Sudanese Community raises $72,000 to build girls school in Sudan


Sydney's Sudanese Catholic Community has managed to raise $72,000 for the second stage of construction for a Mary MacKillop school for Girls in southern Sudan.

"We should have the roof on by Christmas and be able to complete work on two more classrooms," says Anna Dimo, the Archdiocese of Sydney's full-time pastoral worker with the city's Sudan community in Sydney.

The daughter of a school principal who firmly believed girls should receive an education despite the fact there were almost no schools for girls in South Sudan, Anna was forced to flee her war-torn homeland and 2000 arrived in Sydney with five of her children and three nieces and nephews.

Having made her home in Australia, Anna who had trained as a teacher and for whom education was a passion, became determined to give women in South Sudan similar opportunities.

Taking Mary MacKillop's firm belief that "to educate a woman was to educate a nation" as her inspiration, Anna dreamed of setting up a secondary school for girls in the South Sudan and to help make this a reality, founded the South Sudan Education for Girls Appeal (SSEG).

"Currently less than one per cent of girls over the age of 12 are able to attend secondary school but we hope not only to change that but to see girls from South Sudan go on to university," says Anna.

Anna will fly to South Sudan in early January 2011 to check on construction, begin employing teachers and to encourage families to enrol their daughters. But this week, Jonathan Ngor who shares Anna's passion for education and her vision for Sudan's Mary MacKillop College will head for Aweil, his former hometown, carrying the funds needed for the next stage of the school's construction.

Like Anna, Jonathan who is vice president of SSEG, was forced to flee his troubled country during its long and bloody civil war. As a seven-year-old, he had to leave his village and his beloved father and many of his siblings and with his mother, and four year old sister, make the arduous three month journey on foot from Sudan to Ethiopia.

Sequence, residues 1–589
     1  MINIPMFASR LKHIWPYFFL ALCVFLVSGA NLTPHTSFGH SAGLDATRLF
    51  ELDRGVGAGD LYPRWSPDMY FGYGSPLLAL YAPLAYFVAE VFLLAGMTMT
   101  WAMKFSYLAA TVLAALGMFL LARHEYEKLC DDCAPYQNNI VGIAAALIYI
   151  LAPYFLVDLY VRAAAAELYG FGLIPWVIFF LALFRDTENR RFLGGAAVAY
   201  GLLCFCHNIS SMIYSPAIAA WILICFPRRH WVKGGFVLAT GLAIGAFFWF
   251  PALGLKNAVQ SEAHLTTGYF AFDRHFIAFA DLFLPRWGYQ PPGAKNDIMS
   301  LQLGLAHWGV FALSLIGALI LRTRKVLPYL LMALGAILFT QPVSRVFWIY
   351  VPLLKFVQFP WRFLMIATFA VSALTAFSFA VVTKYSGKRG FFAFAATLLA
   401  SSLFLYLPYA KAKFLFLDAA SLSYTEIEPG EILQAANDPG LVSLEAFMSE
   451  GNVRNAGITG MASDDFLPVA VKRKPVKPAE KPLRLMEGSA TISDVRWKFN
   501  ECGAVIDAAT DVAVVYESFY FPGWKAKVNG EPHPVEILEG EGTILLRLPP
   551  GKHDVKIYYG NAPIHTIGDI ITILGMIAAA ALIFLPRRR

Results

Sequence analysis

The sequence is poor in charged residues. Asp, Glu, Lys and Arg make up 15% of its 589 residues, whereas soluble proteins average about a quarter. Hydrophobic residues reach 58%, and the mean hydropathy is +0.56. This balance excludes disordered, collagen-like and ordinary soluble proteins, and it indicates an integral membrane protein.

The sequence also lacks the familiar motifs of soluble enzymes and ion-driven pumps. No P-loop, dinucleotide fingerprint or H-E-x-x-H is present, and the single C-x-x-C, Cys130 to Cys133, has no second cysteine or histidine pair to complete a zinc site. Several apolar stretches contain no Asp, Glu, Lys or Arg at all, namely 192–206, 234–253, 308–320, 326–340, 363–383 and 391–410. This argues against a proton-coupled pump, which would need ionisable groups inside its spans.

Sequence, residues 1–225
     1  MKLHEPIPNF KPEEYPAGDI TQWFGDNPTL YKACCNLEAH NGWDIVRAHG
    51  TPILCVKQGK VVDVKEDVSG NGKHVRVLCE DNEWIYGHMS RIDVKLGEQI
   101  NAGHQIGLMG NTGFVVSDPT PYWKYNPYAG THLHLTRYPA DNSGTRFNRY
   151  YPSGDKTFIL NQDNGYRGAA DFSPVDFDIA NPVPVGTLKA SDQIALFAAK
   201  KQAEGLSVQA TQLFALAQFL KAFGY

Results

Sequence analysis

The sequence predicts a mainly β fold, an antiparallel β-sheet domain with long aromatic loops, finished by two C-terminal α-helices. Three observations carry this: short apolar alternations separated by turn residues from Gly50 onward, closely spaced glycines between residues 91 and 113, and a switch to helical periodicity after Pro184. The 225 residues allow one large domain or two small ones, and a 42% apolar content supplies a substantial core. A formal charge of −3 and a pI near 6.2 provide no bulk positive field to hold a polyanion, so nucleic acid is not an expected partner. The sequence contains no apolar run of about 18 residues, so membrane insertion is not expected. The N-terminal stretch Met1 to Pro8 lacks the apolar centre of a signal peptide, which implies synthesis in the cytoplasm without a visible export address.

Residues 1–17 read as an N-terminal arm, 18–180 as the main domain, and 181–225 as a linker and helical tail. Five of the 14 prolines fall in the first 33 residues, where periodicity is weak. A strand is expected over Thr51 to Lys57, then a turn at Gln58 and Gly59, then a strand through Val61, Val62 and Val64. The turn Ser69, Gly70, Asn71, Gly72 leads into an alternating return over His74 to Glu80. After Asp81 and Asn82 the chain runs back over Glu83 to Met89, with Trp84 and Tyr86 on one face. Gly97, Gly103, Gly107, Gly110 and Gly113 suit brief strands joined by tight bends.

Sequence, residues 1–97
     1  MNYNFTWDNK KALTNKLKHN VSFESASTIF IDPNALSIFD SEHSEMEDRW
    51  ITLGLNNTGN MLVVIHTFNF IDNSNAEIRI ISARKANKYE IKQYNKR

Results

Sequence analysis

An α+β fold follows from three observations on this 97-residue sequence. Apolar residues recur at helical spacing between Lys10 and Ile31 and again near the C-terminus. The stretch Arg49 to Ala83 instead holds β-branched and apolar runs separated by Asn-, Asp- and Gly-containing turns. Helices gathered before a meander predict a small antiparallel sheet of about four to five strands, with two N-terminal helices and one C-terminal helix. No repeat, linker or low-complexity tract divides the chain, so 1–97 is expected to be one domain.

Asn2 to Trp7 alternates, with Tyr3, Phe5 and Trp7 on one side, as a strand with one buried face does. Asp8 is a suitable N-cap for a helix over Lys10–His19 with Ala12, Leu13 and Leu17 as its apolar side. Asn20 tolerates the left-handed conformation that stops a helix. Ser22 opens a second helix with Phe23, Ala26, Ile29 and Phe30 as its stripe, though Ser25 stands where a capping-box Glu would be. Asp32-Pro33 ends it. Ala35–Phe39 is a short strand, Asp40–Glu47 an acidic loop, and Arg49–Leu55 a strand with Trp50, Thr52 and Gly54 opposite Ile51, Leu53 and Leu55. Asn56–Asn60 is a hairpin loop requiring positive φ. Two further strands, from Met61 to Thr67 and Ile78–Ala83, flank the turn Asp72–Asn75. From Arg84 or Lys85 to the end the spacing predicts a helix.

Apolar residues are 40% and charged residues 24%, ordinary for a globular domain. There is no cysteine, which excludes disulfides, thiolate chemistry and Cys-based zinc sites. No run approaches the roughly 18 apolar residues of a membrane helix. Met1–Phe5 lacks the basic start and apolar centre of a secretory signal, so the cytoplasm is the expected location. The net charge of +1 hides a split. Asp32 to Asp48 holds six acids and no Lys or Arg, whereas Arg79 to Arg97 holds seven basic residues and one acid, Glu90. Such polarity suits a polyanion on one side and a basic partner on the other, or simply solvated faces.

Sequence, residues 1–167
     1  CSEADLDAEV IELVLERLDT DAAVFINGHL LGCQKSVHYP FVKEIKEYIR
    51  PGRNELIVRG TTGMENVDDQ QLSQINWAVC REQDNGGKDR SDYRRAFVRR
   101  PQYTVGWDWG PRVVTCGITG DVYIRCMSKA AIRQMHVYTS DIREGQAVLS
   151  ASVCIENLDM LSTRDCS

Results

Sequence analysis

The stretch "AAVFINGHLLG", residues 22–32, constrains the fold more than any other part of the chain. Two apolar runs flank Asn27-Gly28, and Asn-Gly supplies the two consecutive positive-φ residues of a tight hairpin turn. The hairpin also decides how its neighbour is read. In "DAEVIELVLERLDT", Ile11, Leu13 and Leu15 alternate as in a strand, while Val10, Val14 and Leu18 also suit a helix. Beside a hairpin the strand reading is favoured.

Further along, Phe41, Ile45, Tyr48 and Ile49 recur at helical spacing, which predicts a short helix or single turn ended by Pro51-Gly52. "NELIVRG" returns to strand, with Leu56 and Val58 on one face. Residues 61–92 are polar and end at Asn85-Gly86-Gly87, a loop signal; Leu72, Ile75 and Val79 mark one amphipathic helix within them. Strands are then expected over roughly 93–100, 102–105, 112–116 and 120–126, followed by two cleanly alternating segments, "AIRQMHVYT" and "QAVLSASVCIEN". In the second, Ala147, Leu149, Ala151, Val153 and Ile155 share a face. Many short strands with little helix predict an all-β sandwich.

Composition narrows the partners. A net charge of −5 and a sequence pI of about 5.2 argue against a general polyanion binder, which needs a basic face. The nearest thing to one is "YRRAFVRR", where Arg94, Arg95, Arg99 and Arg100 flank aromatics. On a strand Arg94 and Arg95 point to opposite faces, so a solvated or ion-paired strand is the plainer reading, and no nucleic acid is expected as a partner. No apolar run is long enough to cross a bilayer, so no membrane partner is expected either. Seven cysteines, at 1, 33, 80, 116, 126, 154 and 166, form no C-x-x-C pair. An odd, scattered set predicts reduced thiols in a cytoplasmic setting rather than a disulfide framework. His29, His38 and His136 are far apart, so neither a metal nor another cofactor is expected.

Evading lions and the rebel army by hiding in bushes, tragedy struck as the group crossed the Nile and Jonathan could do little but watch in horror as his beloved mother drowned and his little sister,  swept away.

He would discover later, his father had also been killed.

On arrival in Ethiopia became what are now known as "the Lost Boys of Sudan." Orphaned and alone, he managed to survive but with Ethiopia also wracked by civil war, his new country offered little shelter or safety. Then after a hand to mouth existence, at age 20 he finally was given a visa to Australia.

Arriving in 2003, at age 20, Jonathan has made a new life for himself and by pure chance was reunited with the sister he thought he had lost.

Today Jonathan is not only a Sudanese Family Support Worker with CatholicCare Social Services - Diocese of Parramatta, but has almost completed a degree in economics. He says with no access to education when he was young, he is a passionate supporter of the SSEG project.

"All of us who know South Sudan and grew up there know how important this project is," Jonathan says, adding that the Archdiocese of Sydney and the Catholic Education Office (CEO) have also championed the project and given it their full support.

Mark Rix, Communications Director for CEO, was instrumental in arranging for the SSEG to appointed the official charity during the two-day Ben Hur Live Spectacular at Sydney's ANZ Stadium in October, with permission for the group to fund-raise at both of the sold-out performances. In addition, the SSEG Appeal was promoted in the official program and on giant screens set up around the arena.

"We are also extremely grateful for the wonderful generosity of the ANZ stadium and the stadium CEO Darryl Kerry who donated $10,000 towards our fund," says Anna.

Fundraising for South Sudan's Mary MacKillop College for girls will continue. To find out more about the school and the SSEG Appeal log on to

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